Budget constraints imposed by the loss of Government funding when the Qualifiers were taken away arbitrarily from Auckland, meant that Emirates Team New Zealand scrapped plans to run a two sailing team and two test boat program, instead launching a single AC45-S and then the single AC-50 (as allowed by the Protocol).

'We didn't have too much choice in the matter, but by having less, we were able to focus more sharply on the future and where the boats needed to be', Ashby said.

'For us, two boat testing is absolutely imperative for development and going forwards. But having the vision and the people who can actually make the correct decisions is the key to success.

'I think we had the right people to enable us to make the right decisions to progress in the way that we did.'

In the 2013 America's Cup campaign Emirates Team New Zealand built two AC72's but decommissioned the first to provide some parts for the second boat which became the Challenger in the Match.


Strong relationships produce speed
In 2013 as well as the 2017 America's Cup, Emirates Team New Zealand arrived with a boat that was quick out of the box, compared to teams that had been training for months or years in the regatta venue on Bermuda's Great Sound.

A key to this is the traction the team seems to be able to get between the design computer, performance simulation and then translating this very accurately to on-the-water performance.

'In this campaign, we definitely used the computer simulation side of things a lot more than in the previous campaign, ' Ashby explained. 'We were forced into that by the fact that we didn't have any test boats and we didn't have any resource to be able to get on the water in those early stages.

'Dan Bernasconi has done an amazing job with this team by being able to go through the computer simulation/VPP (Velocity Prediction) side. As a sailing team, there was just a small core group who spent time with those designers and engineers, and together we have been able to keep moving forwards and almost predicting where we needed to be at certain points in time.'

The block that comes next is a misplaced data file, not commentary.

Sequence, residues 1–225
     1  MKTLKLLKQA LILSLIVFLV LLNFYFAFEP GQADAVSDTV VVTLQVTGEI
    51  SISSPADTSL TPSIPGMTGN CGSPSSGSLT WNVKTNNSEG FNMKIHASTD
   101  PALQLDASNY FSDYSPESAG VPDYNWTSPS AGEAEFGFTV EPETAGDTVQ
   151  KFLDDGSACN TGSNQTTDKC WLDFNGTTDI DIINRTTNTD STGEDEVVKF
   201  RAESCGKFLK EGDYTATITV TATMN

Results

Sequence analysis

'When we launched our proper test boat it showed the rest of the world that we hadn't been sitting down in Auckland, mucking around. I think we possibly surprised the other teams as to how advanced our test boat actually was when we launched her for the first time.'

The financial constraints caused by the loss of the Qualifiers forced Emirates Team New Zealand to spend their early time developing computer software and design systems that would be quicker and more accurate when funding did come on stream.

'The technology, design and engineering side of things gave us, as the sailing team, great confidence in knowing that if we could keep up to our end of the bargain - keep developing and keep pushing those design and engineering guys as well then we would have a package that was, in our minds at least, ultimately the most advanced AC50 out on the water.'

'We had our ups and downs as all the teams did, but the philosophy that we had and the connectivity between the sailing and design teams and the shore teams was vital.'

'That relationship was very special, and without that relationship, we wouldn't have wound up with a package that is anywhere near as advanced as what we have here.'


Class options for AC36
Turning to the future and the options for the boat/class to be sailed in the 36th America's Cup in Auckland in February/March 2021, Ashby is a little guarded.

'We will be sitting down as a group and working out what was fantastic with these boats; where is the future of sailing headed; and the history of the America's Cup. I'd like to spend some time talking to the sailors on the other teams as to what their thoughts are on the boat, and how they see things.

'I would like to do my homework very well before I answered the 'what boat' question.

'Putting my sailing hat on, the AC50 was amazing to sail from a sailor's perspective - they have high speed, high technology, close racing and they are on the forefront of extreme sailing technology.

'If those qualities can forward into a monohull or multihull, to me that is where the sport needs to go.'